By Jim Schutze
By Rachel Watts
By Lauren Drewes Daniels
By Anna Merlan
By Lee Escobedo
By Alice Laussade
By Scott Reitz
Crowley, Chomsky, black and white magic, books of crime-scene pictures, Beat literature and world-beat music guides, outre and obscure videos, odd niche periodicals: For six years now, Forbidden Books--nestled in the heart of Fair Park at 835 Exposition Ave.--has provided Dallas with access to media that you could lump together under the general heading of Not Your Father's Oldsmobile.
Owner-operator Jason Cohen--looking like a studious Parisian anarchist of the 1870s in his ovoid spectacles and neatly trimmed, reddish hair and goatee--had added a music section quite a while ago, stocking it mostly according to his own whim and tastes. Tucked away in the back of the store and with limited space, the section always had stepchild status compared with Forbidden's print and video departments, but six months ago music sales "really began taking off," according to Cohen.
That's when he began to formulate plans for "a whole separate store that would be an extension of the music section here, with a much bigger jazz section and a lot wider selection of avant-garde music." With that in mind, Cohen acquired a space that used to house an art gallery around the corner at 3816 Parry, between Rob's Chop Shop and the alley, giving him an additional 600 to 800 square feet of display space, all of it to be for music.
But space was only the beginning part of the equation. Selection is a big part of any store's attraction, and in the wilfully obscure world of avant-alternative (as in real alternative)--full of small indie labels, non-touring vinyl-only bands and other minutiae--it's vital.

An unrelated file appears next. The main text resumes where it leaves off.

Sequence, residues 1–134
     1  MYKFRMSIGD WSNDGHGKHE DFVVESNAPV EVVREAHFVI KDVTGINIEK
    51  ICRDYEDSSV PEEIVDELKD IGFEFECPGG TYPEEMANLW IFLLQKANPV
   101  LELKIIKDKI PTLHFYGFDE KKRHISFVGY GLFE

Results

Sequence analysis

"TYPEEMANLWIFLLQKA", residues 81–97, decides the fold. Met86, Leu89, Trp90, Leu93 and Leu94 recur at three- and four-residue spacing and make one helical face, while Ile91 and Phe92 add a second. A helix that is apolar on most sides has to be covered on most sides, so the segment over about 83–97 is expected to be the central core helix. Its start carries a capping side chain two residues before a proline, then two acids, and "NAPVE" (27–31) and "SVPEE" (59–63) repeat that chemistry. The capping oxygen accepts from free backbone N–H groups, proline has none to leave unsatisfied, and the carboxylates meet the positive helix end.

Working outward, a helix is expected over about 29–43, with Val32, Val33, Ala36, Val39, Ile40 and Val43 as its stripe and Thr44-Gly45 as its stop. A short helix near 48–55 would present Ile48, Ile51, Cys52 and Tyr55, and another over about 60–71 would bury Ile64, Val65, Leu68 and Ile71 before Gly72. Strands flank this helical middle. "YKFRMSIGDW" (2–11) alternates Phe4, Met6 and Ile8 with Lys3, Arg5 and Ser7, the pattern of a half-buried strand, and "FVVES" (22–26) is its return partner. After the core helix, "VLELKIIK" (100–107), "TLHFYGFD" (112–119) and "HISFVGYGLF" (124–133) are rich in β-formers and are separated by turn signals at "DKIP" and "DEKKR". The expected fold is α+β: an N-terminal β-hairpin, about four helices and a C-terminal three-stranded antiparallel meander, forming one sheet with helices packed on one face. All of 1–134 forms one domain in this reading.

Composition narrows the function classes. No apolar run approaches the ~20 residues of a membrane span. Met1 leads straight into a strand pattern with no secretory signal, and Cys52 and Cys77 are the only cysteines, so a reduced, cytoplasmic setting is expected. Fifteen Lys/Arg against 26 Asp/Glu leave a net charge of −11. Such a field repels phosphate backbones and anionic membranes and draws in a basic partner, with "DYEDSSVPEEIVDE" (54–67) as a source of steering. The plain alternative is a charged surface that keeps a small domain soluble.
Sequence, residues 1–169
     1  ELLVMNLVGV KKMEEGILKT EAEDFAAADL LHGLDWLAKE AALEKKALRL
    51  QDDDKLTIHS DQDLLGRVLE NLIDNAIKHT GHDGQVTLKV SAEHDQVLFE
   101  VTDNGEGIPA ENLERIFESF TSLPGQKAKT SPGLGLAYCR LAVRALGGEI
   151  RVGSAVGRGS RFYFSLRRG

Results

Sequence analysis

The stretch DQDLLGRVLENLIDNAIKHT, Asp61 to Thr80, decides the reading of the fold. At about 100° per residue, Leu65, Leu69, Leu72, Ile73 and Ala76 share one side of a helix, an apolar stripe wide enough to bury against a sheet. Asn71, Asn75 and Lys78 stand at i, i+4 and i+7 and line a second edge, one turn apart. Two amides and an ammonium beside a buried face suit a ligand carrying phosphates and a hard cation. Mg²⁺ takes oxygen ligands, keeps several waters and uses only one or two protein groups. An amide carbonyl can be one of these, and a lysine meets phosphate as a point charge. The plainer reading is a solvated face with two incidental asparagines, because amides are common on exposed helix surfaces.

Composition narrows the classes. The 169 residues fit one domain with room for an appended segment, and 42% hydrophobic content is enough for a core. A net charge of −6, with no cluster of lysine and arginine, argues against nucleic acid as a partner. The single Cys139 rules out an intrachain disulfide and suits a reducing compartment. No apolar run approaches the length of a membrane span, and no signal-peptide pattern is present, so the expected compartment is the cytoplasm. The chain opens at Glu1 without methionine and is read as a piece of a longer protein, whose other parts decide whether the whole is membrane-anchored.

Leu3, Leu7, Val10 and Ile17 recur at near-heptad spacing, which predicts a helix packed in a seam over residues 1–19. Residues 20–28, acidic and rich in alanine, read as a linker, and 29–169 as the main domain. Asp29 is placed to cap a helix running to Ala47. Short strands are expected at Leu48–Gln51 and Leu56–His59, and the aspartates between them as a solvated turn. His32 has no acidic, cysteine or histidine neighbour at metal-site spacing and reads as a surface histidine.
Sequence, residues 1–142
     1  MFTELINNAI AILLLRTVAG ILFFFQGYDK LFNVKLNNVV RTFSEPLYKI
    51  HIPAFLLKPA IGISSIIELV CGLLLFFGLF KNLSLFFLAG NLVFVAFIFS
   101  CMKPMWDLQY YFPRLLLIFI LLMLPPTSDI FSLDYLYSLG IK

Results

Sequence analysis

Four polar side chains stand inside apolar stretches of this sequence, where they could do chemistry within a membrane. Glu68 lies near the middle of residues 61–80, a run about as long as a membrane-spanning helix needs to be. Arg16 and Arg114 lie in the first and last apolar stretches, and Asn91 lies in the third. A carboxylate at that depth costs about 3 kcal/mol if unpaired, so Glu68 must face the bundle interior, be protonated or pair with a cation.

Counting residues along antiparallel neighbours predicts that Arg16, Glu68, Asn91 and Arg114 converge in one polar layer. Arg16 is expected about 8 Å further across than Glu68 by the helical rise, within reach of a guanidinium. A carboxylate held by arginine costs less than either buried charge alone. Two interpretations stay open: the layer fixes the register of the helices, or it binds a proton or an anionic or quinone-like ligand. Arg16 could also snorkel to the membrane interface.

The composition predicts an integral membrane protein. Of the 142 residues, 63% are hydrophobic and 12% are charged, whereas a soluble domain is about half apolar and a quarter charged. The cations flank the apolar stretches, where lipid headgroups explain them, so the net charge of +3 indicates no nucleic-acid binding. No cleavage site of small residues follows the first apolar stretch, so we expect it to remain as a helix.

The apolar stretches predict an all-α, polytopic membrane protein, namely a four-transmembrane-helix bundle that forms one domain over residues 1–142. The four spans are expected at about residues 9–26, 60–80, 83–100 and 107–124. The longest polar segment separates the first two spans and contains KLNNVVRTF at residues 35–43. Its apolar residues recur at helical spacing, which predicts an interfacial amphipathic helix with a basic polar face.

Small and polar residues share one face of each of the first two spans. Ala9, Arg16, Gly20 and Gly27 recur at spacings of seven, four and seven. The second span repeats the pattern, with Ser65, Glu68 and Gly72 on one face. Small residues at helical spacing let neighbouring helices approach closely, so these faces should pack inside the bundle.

Enter Ed Stafford, long known as the "weird music" specialist at stores such as RPM, Borders, and CD Source. Cohen thought that Stafford--whom he'd met one day when the latter dropped off some flyers right after Cohen had started selling music--seemed a natural for the job of running the new store, which will be called Out to Lunch (Forbidden Music?). "I'm really lucky to be in this with Jason--he's got the name and the reputation," says Stafford as he readies the long, narrow space for its upcoming debut, putting in new walls, patching holes in the floor, and attending to all the other needs that go with refitting a store for your own requirements. An affable, if focused, guy whose hair sports a leopard-y dark-and-light dye job, Stafford has big plans for the future.
"I want this store to have a little bit of everything on the fringe," he says. "Jazz, weird techno, gothic, whatever. I'd like to have artwork on all the walls--maybe people could have exhibits--and performance art groups could stage shows." Stafford wants bands to play at Out to Lunch, as well. "Any kind of fresh, new people who aren't getting to play at the more traditional venues."